The Australian: Let’s Not Miss this Mandela Moment
Originally published in The Australian by Benedict Rogers and Joseph Loconte.
Now Aung San Suu Kyi is free, world leaders must fight for real democracy.
For years, the international community and human rights activists have campaigned for the freedom of Aung San Suu Kyi, Burma’s democracy leader and Nobel laureate. Watching her leave her house after 15 years and 20 days in detention was as momentous as the scenes of Nelson Mandela leaving a South African prison 20 years ago.
There is one key difference. Mandela was freed because South Africa’s apartheid regime was crumbling. Not so in Burma. The dictatorial regime of Than Shwe has released Suu Kyi not as a step towards political liberalisation but as a ploy to get the international community off its back.
The world’s democratic leaders must send the regime a strong and unambiguous message: real change will come only if all political prisoners, numbering more than 2100, are freed, and the military ends its offensives against ethnic civilians. Rape, forced labour, torture, the forcible recruitment of child soldiers and the destruction of villages must stop. Suu Kyi’s National League for Democracy, which won 82 per cent of the seats in 1990 but was banned from government, remains an outlawed political party. A dialogue between the regime, the democracy movement and the ethnic nationalities must begin.
UN Secretary-General Ban Ki-moon must discover a measure of courage and creativity. His response to the regime’s sham election held earlier this month — “insufficiently inclusive”– was anemic. An election that barred Suu Kyi and the NLD from participating, guaranteed 25 per cent of the assembly seats to the military before the voting began, disenfranchised at least 1.5 million people living in ethnic areas where voting was not held, and was marked by rigging and intimidation was a cynical charade and a national scandal.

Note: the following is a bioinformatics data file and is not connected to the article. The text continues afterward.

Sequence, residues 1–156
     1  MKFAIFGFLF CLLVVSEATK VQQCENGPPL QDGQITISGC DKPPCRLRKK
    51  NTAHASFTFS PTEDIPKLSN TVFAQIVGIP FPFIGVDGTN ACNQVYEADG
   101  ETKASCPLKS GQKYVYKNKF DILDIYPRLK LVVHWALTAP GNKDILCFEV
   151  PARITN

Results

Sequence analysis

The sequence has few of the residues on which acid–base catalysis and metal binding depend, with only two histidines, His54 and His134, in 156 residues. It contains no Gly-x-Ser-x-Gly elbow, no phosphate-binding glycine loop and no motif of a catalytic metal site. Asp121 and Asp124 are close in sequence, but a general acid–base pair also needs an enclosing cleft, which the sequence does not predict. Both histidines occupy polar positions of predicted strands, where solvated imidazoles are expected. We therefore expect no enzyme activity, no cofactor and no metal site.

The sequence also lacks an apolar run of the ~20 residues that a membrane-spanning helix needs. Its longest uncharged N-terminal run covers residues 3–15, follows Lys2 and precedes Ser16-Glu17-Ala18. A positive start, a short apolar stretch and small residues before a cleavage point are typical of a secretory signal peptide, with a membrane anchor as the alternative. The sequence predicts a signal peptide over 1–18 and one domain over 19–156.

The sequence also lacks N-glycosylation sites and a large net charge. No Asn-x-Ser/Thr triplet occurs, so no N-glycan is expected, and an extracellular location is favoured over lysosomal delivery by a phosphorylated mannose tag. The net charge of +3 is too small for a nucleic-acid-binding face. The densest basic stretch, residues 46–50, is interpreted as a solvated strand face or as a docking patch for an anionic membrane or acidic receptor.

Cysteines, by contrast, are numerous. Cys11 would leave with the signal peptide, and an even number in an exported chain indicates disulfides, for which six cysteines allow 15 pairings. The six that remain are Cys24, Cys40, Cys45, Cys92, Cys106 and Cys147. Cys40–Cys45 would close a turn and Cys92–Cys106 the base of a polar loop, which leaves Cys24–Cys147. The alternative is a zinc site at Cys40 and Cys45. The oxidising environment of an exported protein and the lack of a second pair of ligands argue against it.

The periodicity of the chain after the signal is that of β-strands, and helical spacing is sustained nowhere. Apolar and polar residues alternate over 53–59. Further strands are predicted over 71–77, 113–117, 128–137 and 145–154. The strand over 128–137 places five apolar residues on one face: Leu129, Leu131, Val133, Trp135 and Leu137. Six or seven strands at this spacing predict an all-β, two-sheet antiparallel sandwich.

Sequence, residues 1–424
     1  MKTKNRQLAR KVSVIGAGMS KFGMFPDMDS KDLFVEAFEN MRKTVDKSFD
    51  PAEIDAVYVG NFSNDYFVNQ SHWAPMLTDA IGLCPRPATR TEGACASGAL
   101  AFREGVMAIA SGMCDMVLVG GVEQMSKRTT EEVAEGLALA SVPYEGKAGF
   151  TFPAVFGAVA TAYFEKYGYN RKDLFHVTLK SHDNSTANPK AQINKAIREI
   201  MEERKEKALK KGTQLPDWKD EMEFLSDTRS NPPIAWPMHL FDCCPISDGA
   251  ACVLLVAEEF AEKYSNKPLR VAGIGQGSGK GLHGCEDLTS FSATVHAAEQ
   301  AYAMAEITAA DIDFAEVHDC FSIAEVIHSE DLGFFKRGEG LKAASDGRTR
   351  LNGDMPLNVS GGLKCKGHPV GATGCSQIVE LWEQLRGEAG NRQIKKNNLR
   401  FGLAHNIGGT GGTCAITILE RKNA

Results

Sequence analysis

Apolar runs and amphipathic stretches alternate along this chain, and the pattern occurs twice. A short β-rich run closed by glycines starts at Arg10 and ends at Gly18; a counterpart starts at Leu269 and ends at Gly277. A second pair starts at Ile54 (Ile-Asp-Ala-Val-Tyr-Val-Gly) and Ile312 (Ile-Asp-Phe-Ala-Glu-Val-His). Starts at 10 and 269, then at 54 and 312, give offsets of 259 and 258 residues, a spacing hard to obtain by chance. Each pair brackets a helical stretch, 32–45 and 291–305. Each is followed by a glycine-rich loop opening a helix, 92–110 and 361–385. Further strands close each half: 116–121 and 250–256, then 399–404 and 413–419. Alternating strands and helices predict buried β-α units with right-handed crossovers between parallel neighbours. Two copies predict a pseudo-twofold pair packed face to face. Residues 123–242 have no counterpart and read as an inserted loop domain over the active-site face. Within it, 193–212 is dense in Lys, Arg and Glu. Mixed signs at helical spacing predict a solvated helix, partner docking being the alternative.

This is the same paranoid regime that prevented international aid workers entering the country following the devastation of Cyclone Nargis in 2008. It took pressure from the Secretary-General, China, members of the Association of Southeast Asian Nations — as well as the presence of French, British and American naval ships loaded with aid off Burma’s coast — to get Than Shwe to ease some restrictions. Even then, access was limited and much of the international aid was stolen or diverted.
What next? Dialogue is the one policy that unites everyone. The UN Security Council, General Assembly, Human Rights Council and Secretary-General, the European Union, the US, ASEAN and even China have called for dialogue. Suu Kyi and the ethnic nationalities have made dialogue and national reconciliation pillars of their platform. Only the regime so far has refused, but it is clear now that the alternative to dialogue is more ethnic conflict and political instability.
Ban should initiate high-level diplomatic engagement, coupled with targeted pressure. For years, Burma has been handled by low-level UN envoys who have been snubbed and mocked by the generals. The Secretary-General must show leadership and deploy all resources available to kick-start a UN-led dialogue.
The time for timidity has passed. Ban should dispatch his chief of staff to the region immediately and begin the process of challenging the regime to enter into dialogue. At the same time, the UN should establish a commission of inquiry to investigate crimes against humanity. Suu Kyi’s release could provide an opportunity for real change in Burma, but only if the international community, led by Ban, finally takes the action required.
Benedict Rogers is a London-based human rights activist working with Christian Solidarity Worldwide. He has made more than 30 visits to Burma. Joseph Loconte is a lecturer in politics at The King’s College in New York City.